We Canadians urge our American friends to seek real solutions to current problems and not to embrace empty promises. The concept of cheap drugs from Canada has never been anything more than a political hallucination, writes John Adams.

By John Adams, August 17, 2020

On the whole, we Canadians genuinely want what’s best for our neighbors, friends and allies in the United States of America, particularly during these pandemic times caused by a virus that is blazing through cities and communities like the proverbial wildfire.

So, we are bemused and more than a little irritated that President Trump proclaimed recently that many of America’s healthcare problems could be solved by importing cheap prescription drugs from Canada.

As a friend, here’s a bit of advice: Please don’t be fooled into thinking that medicine costs are going to shrink because neighbors to the north will provide inexpensive drugs by the truckload.

It’s simply not going to happen and, for our sake and yours, it shouldn’t. The United States has real problems — a COVID-19 death toll at more than 163,000 and rising, 40 million people out of work, and many schools unable to open for the fall. Shouldn’t that be the focus?

There are at least three reasons politicians, Democrats and Republicans alike, should stop trying to deceive voters with these drug importation fantasies. The first is simply a matter of arithmetic.

The U.S. population is nine times the size of Canada. We simply don’t have enough prescription medications in our country to meet your demand. There are too many of you or too few of us. In fact, we don’t even have enough to meet our own needs.

We face serious drug shortages and, thus, the Canadian government, healthcare providers, and patient advocates see serious problems in sharing our limited supply just because Americans want drugs a little cheaper. Sorry, but we need those drugs intended for Canadians. The problem with healthcare costs is one that your country has to solve on its own. We recall those days when America was proud to be self-reliant.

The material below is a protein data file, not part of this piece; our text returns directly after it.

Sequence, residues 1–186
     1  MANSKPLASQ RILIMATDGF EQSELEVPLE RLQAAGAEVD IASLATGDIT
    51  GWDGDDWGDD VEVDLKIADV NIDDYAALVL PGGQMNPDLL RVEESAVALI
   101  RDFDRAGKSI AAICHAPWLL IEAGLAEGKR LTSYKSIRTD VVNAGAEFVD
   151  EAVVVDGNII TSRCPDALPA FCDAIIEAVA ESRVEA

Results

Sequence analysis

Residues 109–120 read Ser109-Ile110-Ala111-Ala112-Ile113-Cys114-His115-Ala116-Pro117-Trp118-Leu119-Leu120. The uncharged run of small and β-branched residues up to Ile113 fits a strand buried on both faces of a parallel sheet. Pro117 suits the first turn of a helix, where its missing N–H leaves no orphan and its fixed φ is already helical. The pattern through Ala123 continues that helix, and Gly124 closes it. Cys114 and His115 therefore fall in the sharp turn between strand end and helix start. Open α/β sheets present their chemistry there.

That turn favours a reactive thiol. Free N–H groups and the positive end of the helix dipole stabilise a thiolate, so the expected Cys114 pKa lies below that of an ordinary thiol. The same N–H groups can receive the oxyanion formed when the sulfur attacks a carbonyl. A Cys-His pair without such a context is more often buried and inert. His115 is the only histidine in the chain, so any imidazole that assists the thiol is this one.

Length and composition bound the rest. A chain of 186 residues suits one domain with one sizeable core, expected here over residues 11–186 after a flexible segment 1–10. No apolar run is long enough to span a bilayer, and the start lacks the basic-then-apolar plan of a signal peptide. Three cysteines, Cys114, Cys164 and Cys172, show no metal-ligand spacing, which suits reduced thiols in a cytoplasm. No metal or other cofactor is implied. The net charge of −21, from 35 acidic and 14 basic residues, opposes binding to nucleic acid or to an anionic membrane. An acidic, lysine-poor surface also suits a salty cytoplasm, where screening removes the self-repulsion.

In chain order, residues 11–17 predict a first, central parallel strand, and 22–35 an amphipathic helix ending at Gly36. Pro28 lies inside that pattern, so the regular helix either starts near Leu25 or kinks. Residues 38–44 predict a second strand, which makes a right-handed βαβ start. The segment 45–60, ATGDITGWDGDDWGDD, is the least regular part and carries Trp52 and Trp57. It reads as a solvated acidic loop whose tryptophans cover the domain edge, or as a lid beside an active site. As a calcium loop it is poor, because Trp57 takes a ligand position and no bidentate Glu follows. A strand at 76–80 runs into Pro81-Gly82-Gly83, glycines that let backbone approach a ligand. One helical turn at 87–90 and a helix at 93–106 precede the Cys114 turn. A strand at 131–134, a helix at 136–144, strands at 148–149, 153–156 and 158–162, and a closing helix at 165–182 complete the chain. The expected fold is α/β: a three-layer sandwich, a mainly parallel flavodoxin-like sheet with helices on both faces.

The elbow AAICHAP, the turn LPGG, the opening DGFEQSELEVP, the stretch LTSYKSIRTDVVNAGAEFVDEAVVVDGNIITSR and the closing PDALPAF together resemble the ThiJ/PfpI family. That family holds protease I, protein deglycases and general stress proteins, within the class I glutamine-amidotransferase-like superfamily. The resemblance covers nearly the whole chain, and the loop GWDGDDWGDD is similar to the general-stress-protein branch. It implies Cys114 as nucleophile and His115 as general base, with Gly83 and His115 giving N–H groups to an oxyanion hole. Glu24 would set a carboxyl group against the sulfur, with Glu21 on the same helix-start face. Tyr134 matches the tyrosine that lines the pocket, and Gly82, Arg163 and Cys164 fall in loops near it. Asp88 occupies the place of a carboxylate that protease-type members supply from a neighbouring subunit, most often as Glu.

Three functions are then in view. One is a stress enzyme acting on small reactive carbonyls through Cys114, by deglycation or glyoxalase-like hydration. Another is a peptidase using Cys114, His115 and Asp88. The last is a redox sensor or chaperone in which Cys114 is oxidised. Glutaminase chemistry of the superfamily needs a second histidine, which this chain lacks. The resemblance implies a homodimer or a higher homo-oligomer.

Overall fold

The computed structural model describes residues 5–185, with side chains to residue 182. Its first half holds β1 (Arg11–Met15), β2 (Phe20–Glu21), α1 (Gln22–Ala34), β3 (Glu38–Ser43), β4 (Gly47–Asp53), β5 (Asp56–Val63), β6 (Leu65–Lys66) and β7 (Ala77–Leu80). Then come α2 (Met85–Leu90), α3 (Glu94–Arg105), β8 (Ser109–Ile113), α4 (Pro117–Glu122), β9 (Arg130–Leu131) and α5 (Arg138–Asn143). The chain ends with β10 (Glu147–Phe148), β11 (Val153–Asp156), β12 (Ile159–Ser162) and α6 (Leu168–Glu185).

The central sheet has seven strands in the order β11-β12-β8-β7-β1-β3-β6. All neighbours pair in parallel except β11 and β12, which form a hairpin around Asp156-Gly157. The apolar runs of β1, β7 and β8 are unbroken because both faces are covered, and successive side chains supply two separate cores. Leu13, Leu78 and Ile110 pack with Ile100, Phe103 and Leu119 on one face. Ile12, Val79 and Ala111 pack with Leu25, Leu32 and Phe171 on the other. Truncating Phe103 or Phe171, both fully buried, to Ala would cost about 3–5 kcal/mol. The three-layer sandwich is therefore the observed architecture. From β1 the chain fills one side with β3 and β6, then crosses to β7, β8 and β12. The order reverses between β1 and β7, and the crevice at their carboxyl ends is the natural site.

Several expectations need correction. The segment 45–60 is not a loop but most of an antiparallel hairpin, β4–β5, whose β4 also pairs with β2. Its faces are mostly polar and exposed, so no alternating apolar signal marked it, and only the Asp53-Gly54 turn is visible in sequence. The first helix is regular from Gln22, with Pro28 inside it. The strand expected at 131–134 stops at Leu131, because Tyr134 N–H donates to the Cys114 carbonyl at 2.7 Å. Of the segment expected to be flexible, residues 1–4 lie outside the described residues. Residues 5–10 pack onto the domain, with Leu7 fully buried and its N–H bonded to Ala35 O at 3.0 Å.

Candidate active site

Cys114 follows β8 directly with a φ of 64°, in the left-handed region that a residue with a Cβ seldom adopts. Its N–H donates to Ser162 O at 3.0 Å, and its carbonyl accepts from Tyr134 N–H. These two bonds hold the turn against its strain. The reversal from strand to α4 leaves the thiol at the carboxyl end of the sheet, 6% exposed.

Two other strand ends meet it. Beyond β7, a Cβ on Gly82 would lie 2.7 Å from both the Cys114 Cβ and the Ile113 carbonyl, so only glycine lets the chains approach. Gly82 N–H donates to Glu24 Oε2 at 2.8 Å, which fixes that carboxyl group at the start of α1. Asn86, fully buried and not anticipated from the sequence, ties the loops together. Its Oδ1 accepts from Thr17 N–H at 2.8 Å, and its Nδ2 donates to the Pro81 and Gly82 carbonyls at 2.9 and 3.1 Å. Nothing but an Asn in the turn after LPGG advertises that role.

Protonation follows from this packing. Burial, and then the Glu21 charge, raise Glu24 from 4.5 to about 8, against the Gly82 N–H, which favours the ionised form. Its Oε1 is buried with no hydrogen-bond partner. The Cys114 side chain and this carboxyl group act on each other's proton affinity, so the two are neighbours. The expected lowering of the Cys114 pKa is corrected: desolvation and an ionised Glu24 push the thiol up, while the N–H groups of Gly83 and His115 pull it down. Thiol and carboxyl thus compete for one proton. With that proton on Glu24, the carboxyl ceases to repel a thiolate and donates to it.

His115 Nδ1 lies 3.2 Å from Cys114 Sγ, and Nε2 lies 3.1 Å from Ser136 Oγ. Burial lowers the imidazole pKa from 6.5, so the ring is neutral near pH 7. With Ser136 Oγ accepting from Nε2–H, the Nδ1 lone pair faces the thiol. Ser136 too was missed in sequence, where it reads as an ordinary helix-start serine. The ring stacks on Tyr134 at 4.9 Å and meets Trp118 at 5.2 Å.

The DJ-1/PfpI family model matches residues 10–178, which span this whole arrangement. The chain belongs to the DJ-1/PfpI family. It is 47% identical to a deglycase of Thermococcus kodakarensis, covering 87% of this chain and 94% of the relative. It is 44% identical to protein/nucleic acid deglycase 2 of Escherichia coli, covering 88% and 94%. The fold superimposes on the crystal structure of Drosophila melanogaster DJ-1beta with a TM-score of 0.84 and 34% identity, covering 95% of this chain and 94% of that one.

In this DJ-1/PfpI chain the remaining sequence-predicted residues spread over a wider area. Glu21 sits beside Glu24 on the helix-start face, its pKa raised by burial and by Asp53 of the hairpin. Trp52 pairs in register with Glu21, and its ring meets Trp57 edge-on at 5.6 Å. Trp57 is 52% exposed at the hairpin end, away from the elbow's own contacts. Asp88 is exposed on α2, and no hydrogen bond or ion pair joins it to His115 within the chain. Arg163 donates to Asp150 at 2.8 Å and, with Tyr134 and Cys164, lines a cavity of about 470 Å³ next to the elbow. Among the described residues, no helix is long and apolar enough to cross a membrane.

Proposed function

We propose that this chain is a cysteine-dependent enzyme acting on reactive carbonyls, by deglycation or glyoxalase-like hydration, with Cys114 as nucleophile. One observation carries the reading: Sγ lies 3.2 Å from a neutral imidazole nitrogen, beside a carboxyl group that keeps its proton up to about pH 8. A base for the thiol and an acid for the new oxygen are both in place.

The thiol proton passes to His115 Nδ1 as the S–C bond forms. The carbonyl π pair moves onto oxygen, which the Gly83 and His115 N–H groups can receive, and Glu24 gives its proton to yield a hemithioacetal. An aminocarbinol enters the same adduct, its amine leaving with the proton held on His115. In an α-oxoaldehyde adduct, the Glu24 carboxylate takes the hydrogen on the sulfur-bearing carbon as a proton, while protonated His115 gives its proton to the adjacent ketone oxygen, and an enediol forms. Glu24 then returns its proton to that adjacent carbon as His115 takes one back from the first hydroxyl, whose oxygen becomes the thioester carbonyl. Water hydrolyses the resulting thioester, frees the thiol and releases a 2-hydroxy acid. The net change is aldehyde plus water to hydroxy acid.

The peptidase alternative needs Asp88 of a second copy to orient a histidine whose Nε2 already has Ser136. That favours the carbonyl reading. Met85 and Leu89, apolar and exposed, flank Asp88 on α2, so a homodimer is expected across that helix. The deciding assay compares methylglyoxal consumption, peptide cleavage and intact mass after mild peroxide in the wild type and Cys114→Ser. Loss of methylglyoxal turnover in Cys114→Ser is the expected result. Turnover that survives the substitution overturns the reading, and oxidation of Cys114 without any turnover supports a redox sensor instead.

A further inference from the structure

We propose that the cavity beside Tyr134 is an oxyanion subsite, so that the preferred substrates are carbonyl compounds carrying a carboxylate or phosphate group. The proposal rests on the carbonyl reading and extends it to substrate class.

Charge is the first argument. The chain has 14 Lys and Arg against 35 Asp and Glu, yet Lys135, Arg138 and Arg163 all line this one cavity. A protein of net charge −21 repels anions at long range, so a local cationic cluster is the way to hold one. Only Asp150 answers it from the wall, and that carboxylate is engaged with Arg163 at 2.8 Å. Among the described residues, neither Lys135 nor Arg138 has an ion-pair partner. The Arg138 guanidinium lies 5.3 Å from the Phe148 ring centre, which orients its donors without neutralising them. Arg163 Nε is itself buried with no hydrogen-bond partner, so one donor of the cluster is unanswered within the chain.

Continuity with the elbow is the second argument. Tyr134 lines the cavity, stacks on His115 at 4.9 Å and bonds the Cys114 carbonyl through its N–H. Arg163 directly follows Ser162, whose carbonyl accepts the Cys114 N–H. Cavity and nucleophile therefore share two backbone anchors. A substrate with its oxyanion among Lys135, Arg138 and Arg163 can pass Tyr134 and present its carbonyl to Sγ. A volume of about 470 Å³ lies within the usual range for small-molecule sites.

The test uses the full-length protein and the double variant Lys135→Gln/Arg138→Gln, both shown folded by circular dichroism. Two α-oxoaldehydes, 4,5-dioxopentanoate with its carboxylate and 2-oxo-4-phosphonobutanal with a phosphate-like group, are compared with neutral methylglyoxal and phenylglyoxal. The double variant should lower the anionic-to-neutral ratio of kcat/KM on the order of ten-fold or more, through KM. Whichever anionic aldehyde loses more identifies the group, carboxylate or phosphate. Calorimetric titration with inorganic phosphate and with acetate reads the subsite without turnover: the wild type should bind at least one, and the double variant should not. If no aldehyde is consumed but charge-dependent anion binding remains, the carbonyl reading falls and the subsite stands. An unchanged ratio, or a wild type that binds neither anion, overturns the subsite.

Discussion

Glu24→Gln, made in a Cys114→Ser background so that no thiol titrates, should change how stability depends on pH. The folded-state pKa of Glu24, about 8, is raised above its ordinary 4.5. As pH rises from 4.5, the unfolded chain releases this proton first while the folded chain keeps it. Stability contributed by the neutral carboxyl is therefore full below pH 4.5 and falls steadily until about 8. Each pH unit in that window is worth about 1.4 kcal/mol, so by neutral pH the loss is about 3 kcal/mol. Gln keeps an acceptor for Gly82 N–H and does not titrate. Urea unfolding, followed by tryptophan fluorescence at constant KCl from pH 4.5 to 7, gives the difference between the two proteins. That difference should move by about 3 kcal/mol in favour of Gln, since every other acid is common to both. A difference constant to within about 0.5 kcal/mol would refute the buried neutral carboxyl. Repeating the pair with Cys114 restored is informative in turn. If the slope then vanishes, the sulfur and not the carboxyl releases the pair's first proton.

Building on that, isn’t Trump harping on the need to “buy American” and avoid imported goods. It is a bit hard to keep a straight face when he says “buy foreign” for prescription drugs?

In fact, there’s no guarantee that drugs, if purchased from Canadian middlemen or others pretending to be Canadians, actually originate in Canada.

Our laws permit transshipments of medications from other countries. In the past decade, a growing percentage of drugs Canada imported came from Mexico, Russia and China, and isn’t the U.S. actively trying to reduce Chinese imports these days?

And that brings us to the issue of safety.

Quite frankly, when the United States is trying to cope with a public health crisis of a kind not seen in generations, it is mind-boggling to think Americans would be willing to make things worse by importing drugs that may be ineffective or, worse, life-threatening.

Canada does not check and does not have the resources to verify that the medicines originating elsewhere and passing through our country are what they claim to be. Have you heard of fake drugs?

Last, it might be easy to forget that America’s most daunting health crisis before COVID-19 was the growing opioid epidemic, and that crisis was made much worse by imports of deadly fentanyl coming through ports and international mail services.

The Border Patrol has its hands full defending you from that poison. Right now, the United States has a drug system that is the envy of the world for safety at a time when global drug counterfeiting and shipments of illegal, dangerous substances are booming.

Opening your system to potentially questionable imports will incur significant risk without a benefit (because, remember, Canada doesn’t have the drugs to provide).

Again, speaking as a friend, we Canadians urge our American friends to seek real solutions to current problems and not to embrace empty promises. The concept of cheap drugs from Canada has never been anything more than a political hallucination.

For all the good reasons we can think of, please don’t fall for fake news or phony solutions.

John Adams is volunteer chair of Best Medicines Coalition in Canada, a group of 28 patient organizations representing millions of patients, and president of Canadian PKU and Allied Disorders, a rare disease patient advocacy and support nonprofit. He is a frequent author for the Macdonald-Laurier Institute.

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